Perhaps one of the biggest surprises of this World Cup was that of England’s performance. Many did not hold much hope for The Three Lions following their humiliating elimination to Iceland at the European Championships two years ago. The team, filled with youth and inexperience, gave the impression the FA were preparing a squad to become contenders for the future rather than the present. But, Gareth Southgate had other ideas. England, excluding some inaccurate finishing from Raheem Sterling, were dangerous and exciting in attack, prompting captain Harry Kane to claim the Golden Boot with 6 goals. This freedom was built upon the foundation of a largely impenetrable defense. Jordan Pickford was excellent between the sticks; with notable mentions also going to Harry Maguire and Kieran Trippier. The latter struck a free-kick which sent the nation wild; fantasising of their first World Cup final for 52 years, a dream cruelly snatched away by Croatia hitman Mario Mandžukić in extra-time of an agonising semi-final. Indeed, set pieces were a major component of England’s success, with 9 of their 12 goals coming from dead ball situations. And who could forget their first World Cup penalty shoot-out triumph, beating Colombia from the spot in the round of 16. Although football did not come home, the country’s belief in the England Men’s National Team undoubtedly did.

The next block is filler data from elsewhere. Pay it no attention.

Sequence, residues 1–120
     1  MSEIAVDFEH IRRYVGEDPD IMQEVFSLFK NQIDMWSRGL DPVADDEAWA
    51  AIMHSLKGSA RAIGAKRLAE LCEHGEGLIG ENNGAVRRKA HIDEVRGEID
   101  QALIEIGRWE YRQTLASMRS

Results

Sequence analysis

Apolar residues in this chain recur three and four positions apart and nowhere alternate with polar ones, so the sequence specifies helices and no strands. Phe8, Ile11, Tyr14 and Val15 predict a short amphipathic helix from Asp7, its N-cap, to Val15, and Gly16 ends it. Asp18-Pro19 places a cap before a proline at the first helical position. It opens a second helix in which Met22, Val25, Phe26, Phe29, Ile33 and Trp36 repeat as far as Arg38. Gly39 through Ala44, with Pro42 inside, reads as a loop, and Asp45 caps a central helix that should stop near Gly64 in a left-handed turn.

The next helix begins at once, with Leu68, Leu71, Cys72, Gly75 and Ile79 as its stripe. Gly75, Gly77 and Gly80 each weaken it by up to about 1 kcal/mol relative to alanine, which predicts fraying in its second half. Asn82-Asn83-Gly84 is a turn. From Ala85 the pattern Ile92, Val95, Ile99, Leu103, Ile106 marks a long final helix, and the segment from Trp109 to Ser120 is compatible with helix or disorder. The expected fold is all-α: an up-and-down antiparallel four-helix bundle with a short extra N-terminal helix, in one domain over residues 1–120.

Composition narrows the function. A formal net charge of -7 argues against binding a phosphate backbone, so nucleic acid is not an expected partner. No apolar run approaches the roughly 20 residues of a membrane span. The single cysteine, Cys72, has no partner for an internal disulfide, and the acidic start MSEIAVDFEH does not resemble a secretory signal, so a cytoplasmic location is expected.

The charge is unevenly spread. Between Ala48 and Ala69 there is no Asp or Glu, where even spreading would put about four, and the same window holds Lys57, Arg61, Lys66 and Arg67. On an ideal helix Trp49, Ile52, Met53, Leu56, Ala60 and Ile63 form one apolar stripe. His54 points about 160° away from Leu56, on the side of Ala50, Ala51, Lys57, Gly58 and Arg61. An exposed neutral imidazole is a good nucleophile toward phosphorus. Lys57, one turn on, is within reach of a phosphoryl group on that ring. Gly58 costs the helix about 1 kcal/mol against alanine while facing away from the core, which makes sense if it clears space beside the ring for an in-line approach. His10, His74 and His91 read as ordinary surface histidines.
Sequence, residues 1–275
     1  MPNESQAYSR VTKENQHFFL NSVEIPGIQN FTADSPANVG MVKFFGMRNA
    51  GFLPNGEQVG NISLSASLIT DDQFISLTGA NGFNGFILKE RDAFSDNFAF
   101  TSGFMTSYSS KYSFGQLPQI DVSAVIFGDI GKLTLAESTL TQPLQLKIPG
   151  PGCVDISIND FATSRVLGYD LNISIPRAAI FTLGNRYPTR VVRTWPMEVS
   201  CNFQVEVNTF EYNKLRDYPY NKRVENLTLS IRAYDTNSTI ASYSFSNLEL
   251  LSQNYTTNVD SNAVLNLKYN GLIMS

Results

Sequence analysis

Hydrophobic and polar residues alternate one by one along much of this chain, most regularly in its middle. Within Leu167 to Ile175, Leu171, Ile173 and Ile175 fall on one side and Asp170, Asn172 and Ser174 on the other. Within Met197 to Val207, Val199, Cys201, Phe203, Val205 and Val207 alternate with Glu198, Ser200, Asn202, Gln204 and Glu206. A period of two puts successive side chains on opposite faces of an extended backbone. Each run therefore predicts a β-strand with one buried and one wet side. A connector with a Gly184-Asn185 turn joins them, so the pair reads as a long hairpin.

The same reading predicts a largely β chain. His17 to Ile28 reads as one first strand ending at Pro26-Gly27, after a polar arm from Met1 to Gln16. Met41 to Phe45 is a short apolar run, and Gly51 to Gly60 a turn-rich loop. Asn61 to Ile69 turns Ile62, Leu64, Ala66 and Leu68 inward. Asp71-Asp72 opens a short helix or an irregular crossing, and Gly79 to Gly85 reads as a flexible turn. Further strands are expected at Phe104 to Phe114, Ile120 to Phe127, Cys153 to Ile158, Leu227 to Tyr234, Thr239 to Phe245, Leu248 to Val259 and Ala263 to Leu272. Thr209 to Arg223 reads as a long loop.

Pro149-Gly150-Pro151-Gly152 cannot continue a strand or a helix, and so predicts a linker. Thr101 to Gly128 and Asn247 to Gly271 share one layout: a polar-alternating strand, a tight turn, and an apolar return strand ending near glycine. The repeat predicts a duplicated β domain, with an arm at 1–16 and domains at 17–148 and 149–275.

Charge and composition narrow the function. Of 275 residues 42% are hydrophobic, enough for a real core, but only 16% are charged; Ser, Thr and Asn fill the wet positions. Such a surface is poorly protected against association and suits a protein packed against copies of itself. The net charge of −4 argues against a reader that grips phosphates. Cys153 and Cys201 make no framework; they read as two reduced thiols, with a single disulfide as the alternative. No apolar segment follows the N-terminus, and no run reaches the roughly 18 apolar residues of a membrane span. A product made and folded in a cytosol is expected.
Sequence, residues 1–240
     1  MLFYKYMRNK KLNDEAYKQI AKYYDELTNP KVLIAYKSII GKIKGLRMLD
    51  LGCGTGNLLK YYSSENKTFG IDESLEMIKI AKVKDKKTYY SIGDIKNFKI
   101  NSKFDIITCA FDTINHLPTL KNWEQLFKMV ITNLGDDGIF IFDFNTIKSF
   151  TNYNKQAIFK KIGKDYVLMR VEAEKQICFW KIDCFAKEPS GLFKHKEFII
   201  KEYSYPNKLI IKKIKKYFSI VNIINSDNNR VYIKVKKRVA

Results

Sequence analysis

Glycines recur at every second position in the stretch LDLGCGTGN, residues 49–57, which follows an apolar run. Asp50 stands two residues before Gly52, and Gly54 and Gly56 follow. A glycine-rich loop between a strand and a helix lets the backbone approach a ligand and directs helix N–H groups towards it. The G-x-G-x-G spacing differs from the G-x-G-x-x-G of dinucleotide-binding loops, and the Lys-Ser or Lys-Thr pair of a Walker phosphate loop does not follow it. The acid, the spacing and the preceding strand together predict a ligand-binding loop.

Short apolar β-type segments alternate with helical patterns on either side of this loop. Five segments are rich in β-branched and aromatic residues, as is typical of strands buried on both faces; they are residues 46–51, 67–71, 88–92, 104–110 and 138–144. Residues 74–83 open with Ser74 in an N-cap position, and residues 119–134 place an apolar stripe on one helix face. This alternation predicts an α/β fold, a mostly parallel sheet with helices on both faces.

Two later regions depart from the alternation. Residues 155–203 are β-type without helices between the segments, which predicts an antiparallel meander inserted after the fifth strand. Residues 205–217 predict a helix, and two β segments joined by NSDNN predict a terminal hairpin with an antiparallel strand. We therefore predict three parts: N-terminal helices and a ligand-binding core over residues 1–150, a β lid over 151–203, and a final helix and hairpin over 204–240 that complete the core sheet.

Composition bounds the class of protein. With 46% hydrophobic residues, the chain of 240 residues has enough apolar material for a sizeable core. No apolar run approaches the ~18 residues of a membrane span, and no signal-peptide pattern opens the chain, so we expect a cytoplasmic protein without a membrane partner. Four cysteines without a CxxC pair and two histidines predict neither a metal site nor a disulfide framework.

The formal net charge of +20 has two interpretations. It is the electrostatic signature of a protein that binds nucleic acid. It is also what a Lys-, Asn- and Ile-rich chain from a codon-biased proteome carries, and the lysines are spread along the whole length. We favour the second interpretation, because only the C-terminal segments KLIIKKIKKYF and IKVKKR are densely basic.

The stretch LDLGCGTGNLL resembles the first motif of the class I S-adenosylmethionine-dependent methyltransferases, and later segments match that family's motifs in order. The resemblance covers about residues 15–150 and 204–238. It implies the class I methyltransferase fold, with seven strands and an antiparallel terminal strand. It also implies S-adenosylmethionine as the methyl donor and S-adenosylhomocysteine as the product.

Fortunes fared better across the channel, as France became World Champions for the second time, conquering Croatia 4-2 in an exhilarating final. Perišić levelled the match after an early Mandžukić own goal, before falling victim to the controversial decision that awarded Les Bleus a penalty, one adeptly dispatched by Antoine Griezmann. Despite this, Croatia were the dominant side for much of the game, tenacious both in and out of possession as they looked to capitalise on their opportunity of winning their first World Cup final. However, even with the Golden Ball winner Luka Modrić in their ranks, Croatia were unable to breakdown a solid French defense and were powerless to their counter-attacks which saw Paul Pogba and Kylian Mbappé score either side of another Mandžukić goal (this time in the correct net). In doing so, Mbappé became the first teenager since Pelé to score in a World Cup final, rightfully securing him the accolade of Young Player of the tournament. The PSG star was exceptional throughout the competition, playing a leading role in the demise of Argentina, Uruguay, and Belgium along the way to the final at the Luzhniki Stadium, Moscow. Les Bleus thoroughly deserved to lift the Jules Rimet Trophy, and with the second youngest squad at Russia, look the side to beat come Qatar in 2022.